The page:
My job at the Washington Post is an unusual one —to build the most immersive and impactful storytelling experiences out there. I approach each story with curiosity and aim to create digital experiences that are insightful, meaningful and delightful. Create your own presidential debate is a great example of that.
For this project, we collaborated with the video team to create an immersive look at where Clinton and Trump stood on the issues, using videos clips of the candidates themselves. The user interface and interactivity was simple and intuitive, aided by the user testing we did early in the development process. The success of the presentation came out in the numbers: 100% of people watched the intro video and 82% made an initial topic choice. On average, each unique visitor started 4.8 videos and completed 2.7.
Trump and Clinton “on the issues” stories are a commodity in a presidential election year, so I wanted to differentiate the project with presentation. Using video clips was one element of distinction and hearing answers directly from the candidates aided the integrity and trustworthiness of the piece. On the other hand, video was a challenge because it can be difficult to get readers to watch one video — let alone multiple.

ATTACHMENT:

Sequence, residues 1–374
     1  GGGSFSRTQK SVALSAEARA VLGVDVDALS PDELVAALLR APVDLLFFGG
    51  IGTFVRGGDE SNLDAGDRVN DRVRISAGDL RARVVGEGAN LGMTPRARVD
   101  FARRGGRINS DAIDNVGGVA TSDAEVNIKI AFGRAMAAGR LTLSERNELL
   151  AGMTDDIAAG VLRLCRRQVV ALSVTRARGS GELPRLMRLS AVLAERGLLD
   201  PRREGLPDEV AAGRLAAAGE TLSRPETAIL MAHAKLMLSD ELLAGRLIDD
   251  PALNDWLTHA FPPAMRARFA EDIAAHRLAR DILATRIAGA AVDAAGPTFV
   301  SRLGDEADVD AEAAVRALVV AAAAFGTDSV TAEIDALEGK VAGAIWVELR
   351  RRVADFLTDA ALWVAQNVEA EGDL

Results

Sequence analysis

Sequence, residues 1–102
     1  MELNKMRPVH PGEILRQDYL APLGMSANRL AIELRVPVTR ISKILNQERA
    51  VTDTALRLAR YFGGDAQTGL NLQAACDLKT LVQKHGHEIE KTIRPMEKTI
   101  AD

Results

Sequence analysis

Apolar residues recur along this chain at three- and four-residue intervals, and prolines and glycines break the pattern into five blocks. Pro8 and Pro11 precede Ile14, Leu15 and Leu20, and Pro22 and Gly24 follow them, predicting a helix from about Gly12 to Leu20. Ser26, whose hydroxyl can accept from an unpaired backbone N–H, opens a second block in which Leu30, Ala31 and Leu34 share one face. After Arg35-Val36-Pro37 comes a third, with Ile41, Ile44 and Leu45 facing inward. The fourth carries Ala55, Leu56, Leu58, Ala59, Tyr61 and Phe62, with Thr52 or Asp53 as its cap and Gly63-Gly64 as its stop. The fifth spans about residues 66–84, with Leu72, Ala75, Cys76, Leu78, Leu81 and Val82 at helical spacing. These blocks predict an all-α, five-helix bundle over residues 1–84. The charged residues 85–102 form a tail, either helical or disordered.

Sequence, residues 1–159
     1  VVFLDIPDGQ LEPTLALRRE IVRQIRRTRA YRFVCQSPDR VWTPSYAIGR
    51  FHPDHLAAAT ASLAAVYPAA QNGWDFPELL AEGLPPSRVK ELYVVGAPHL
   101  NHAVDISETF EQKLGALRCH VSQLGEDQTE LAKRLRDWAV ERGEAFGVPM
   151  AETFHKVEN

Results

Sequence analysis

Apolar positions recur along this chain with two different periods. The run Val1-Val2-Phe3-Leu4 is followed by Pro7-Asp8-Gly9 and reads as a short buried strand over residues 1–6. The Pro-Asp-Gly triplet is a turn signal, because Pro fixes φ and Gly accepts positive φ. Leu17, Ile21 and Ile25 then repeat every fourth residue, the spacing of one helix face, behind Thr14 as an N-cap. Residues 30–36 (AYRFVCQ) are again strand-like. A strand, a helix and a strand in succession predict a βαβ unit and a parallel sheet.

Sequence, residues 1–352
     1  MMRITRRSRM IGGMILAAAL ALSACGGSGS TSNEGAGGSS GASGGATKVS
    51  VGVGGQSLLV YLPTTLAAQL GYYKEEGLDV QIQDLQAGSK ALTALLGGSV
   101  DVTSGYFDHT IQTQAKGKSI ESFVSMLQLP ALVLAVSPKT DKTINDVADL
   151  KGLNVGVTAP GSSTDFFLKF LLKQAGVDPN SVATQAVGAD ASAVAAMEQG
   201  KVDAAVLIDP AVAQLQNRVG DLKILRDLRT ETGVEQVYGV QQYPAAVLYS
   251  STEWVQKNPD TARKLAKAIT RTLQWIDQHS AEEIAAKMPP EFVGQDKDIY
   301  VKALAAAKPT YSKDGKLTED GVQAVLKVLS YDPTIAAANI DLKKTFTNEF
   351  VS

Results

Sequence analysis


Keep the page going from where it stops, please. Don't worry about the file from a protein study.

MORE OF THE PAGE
To keep people moving through the presentation, I struck a balance between an active experience where the reader chooses a path and a passive experience where the presentation guides the reader without much interaction. I also included visual signs of progress to make you feel like you’re accomplishing something as you watch each video. And I used a magic wand icon instead of a menu icon to add a bit of delight and intrigue, and to give the feeling you are controlling the debate.
User testing is a must for my work, especially given its experimental nature. When readers click on a link on Facebook or Twitter or even the Washington Post homepage, they are conditioned to think an article will follow. This means a big part of our job is easing readers into our work and convincing them to hang around. On this project, user testing helped me create an intuitive interface and improve the messaging and language around the project, including the text on the initial selection panel and the alert between questions.